The Best Use of Timber Awards 2017 exhibition showcases the winner and shortlisted entries to the annual RIAS Awards scheme. Forestry Commission Scotland and Wood for Good combined to sponsor this award. The exhibition, curated by Architecture and Design Scotland, will run at Construction Scotland Innovation Centre, Blantyre and runs from 2nd July 2018 till 3rd September 2018.
The Award is aimed at encouraging innovative and creative use of timber in new buildings in Scotland. The exhibition features the winning and shortlisted projects, demonstrated through photography and models.
Potential of Timber
The award seeks to stimulate greater appreciation of home grown timber and its potential for use in construction, with added consideration given to thoughtful and appropriate use of different species. Technical competence is of course paramount and the design and detail of how the timber is used was as much a part of the assessment criteria as imagination and overall architectural excellence. There is no restriction on building type or scale of project – from small to large and from domestic to commercial, the challenge is to show how suited the use of timber is to the development of new architecture in Scotland.
A Hut of One’s Own
The overall winning project was Culardoch Shielding, by Moxon Architects. As is in a world unto its own, this small hut sits alone in the vast, rugged and windswept landscape of the Cairngorms. The hut was commissioned as an escape, for small gatherings or parties, fitting a very long and narrow table. It is both remarkably humble and casual, while precise, playful and sophisticated. Its exteriors and interiors are clad in wood, with the roof covered in moss and stone. While larch has been used externally, the interior is entirely lined with locally grown, untreated, spruce.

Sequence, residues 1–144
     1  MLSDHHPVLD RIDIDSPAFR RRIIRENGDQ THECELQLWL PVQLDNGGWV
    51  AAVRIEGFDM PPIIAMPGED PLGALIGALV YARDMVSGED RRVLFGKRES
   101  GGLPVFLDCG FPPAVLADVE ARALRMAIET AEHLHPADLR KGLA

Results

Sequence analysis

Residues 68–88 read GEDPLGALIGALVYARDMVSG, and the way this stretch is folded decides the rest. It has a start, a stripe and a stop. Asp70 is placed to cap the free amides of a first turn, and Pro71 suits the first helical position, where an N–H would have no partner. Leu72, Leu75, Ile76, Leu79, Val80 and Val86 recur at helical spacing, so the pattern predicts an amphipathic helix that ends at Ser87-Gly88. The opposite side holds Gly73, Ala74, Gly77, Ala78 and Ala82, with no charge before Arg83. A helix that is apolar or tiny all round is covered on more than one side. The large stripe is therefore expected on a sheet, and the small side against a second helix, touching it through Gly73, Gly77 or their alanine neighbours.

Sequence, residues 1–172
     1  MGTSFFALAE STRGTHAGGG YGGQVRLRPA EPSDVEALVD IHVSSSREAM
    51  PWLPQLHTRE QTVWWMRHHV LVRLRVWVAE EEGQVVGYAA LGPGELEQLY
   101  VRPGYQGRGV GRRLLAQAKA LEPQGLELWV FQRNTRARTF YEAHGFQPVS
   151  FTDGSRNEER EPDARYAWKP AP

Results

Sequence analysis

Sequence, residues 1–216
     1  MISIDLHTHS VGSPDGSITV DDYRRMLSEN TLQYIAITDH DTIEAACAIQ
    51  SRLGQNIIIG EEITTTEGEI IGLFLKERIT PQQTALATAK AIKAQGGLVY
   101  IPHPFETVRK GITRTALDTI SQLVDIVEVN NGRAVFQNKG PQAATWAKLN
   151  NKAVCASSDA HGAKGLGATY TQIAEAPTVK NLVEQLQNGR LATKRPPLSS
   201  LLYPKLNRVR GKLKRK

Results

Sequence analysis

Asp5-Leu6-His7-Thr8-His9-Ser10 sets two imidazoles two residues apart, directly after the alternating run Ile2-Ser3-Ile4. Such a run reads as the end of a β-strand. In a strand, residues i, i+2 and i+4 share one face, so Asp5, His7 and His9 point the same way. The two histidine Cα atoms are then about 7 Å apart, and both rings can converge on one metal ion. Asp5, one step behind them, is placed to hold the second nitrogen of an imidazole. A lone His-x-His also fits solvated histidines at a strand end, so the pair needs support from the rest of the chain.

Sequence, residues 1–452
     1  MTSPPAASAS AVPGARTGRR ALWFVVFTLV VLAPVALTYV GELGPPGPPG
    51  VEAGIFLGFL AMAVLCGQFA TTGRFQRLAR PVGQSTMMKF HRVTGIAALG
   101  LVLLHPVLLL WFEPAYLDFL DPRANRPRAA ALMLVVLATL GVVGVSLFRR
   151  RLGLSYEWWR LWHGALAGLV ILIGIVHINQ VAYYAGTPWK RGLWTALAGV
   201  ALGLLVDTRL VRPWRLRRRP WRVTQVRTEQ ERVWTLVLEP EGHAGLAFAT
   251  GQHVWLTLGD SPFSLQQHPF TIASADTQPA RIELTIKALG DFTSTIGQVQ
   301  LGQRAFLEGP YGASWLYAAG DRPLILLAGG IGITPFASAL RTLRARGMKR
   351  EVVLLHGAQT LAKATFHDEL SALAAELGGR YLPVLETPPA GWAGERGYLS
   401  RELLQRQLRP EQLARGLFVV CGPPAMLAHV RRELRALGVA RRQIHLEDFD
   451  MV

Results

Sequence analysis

The Shortlisted Projects
The exhibition features projects ranging from a large-scale building such as the Thistle Foundation Centre of Wellbeing by 3DReid, through to an eco-friendly Pop Up Pavilion for the Mound in Edinburgh, designed by Konishi Gaffney Architects. Also by Konishi Gaffney, and shortlisted, was Comielaw Steading, a B-listed farm with a U-shaped plan dating back to the late 17th Century developed as workspaces to benefit the local economy. Other projects include the Tinhouse – by Rural Design – a simple form recalling an archetypal child’s image of a house, located on the northwestern tip of the Isle of Skye. The Greenrig development, by Pete Cummins Architect, consists of two buildings, a cycle skills track and an extensive network of cycle paths and walkways in Canada Woods, on the Callendar Estate, Falkirk.